2015-2016 Graduate Catalog
Education: Learning, Teaching, and Educational Transformation, MEd without Licensure
Master of Education Track without Licensure: MEd Track in Learning, Teaching, and Educational Transformation
Students in the MEd track in learning, teaching, and educational transformation (nonlicensure) will complete a program composed of 33 credits of coursework and a final capstone exam or paper. Requirements are as follows:
Four core courses (12 cr.):
- One in curriculum organization and innovation (e.g., EDC G 630 , EDC G 642 , , EDC G 660 ; CRCRTH 601 , CRCRTH 602 , CRCRTH 630 , CRCRTH 640 , CRCRTH 645L ; )
- One in research and writing for reflective practice (e.g., EDC G 621 , EDC G 690 ; CRCRTH 611 , CRCRTH 692 , CRCRTH 693 ; )
- One in mediation, dialogue, and collaboration (e.g., , ; CRCRTH 616 , CRCRTH 618 ; )
- One in urban and social justice education (e.g., ; EDC G 606 , EDC G 672 ; CRCRTH 627 , ABA 662 ).
The choice of core courses must be recommended by the student‘s advisor and approved by the program director.
Seven additional courses
Seven additional courses, focused on a specific area of interest (21 cr.)
Information is available on suitable upcoming courses at http://ltet.wikispaces.umb.edu.
Two upper-level undergraduate courses may be approved by the program director to be counted toward this requirement.
Students with specific areas of interest
Students with specific areas of interest that match another master’s program or graduate certificate listed in this catalog are encouraged to contact that program for advice. Students may transfer credits from a UMass Boston certificate program into the nonlicensure MEd track (subject to the usual condition for transfer credits that the grade must be B or higher). This option is especially relevant for students from the following certificate programs:
- Applied Behavioral Analysis
- Critical and Creative Thinking
- Science in a Changing World
- Teaching Writing in the Schools
- Technology, Learning and Leadership
Under a regular Learning, Teaching, and Educational Transformation concentration, students can choose the area of focus for their electives to be the same as a graduate certificate they are taking (such as ABA). Alternatively, as has been the case since the track began in the 1990s, students can formulate a focus that prepares them for work in a broad range of education-related professions, such as adult- and community-based education, educational research, policy analysis, philanthropy, and advocacy. A popular concentration is Out-of-School Time education. Four other concentrations are designated for students who include in their LTET courses seven (21 cr.) that are required for the corresponding licensure or CAGS tracks: Elementary Education, Middle School Education, Secondary Education, Teacher Leadership. The concentrations in Elementary, Middle, or Secondary Education ensure that students address the educational issues deemed important by the licensure programs. The concentration in Teacher Leadership ensures that, in addition to the four core areas of LTET, students address some or all of the following: organizational change, special education or English language learner expertise, content knowledge (depending on student’s content specialty), and technologically-mediated learning design (which emphasizes learning theory).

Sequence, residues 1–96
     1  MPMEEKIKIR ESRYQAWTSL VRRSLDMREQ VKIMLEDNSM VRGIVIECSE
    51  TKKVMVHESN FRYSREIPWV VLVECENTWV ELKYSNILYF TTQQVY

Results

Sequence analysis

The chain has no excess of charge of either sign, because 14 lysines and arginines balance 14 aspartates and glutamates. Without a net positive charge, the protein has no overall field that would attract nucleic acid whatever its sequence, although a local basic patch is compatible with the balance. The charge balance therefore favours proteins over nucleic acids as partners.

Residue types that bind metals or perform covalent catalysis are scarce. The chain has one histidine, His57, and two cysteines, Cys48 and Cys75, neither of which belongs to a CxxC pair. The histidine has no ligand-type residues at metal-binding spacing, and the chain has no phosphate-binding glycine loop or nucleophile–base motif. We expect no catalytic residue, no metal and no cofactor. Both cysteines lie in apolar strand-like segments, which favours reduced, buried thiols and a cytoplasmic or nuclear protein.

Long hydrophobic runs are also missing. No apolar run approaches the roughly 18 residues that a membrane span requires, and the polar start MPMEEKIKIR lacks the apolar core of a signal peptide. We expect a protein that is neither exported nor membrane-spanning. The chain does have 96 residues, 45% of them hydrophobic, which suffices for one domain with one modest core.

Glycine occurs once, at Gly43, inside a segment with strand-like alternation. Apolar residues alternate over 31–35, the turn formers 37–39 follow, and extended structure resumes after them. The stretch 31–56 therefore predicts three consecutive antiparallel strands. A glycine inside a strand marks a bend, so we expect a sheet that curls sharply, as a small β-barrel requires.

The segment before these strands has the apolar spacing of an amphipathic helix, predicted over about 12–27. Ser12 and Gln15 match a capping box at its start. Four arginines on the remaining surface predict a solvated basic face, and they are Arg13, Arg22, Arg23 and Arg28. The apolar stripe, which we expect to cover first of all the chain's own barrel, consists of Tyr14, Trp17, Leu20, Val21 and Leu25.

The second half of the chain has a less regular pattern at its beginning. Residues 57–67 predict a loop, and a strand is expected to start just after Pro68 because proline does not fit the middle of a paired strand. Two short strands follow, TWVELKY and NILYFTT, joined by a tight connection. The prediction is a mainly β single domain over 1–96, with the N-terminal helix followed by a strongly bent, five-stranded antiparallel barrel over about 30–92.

A final written paper or comprehensive examination
A final written paper or comprehensive examination addressing significant issues in contemporary education and reflecting the study and research each student has carried out in pursuit of the degree. More information is available at http://ltet.wikispaces.umb.edu/LTETCapstone.
Please see the general statement of admission requirements for all graduate studies programs in the “Admissions ” section of this publication and the “Special Instructions for Applicants to Individual Programs” section of the application for admission to graduate study.
Please see also the description of admission requirements listed under “Professional Preparation Programs for Educators ” in the “Academic & Administrative Policies ” section of this publication.
The MEd Program will recommend admission for those applicants who present evidence of their ability to do graduate work with distinction. Such evidence will normally include:
A distinguished undergraduate transcript, with a minimum overall GPA of 3.00;
Evidence of satisfactory grades in the major discipline (for middle/secondary education applicants, at least 3.00 in the discipline[s] to be taught);
Three positive and informed letters of recommendation submitted by persons who are knowledgeable about the candidate’s potential success both as a graduate student and as a teacher. One such letter must be from someone who has been the applicant’s instructor in a college course; another should be from a person who serves, or has served, in a supervisory capacity to the candidate;
Submission of Graduate Record Examination (GRE) scores or Massachusetts Test for Educator Licensure (MTEL) or Miller Analogy Test (MAT). An applicant who already holds an advanced degree is exempt from this requirement.
For all licensure tracks, submission of MTEL scores, as detailed in the “Academic & Administrative Policies ” section of this publication.
The completion of a written statement demonstrating writing proficiency and including the following information:
- the applicant’s specific professional goals;
- a statement showing the fit between the applicant and the College of Education and Human Development’s basic goal of preparing thoughtful and responsive educators committed to change for social justice. Describe experiences or values that have prepared you to become such an educator.
- the applicant’s philosophy of education and thoughts about contemporary schools and current movements in education.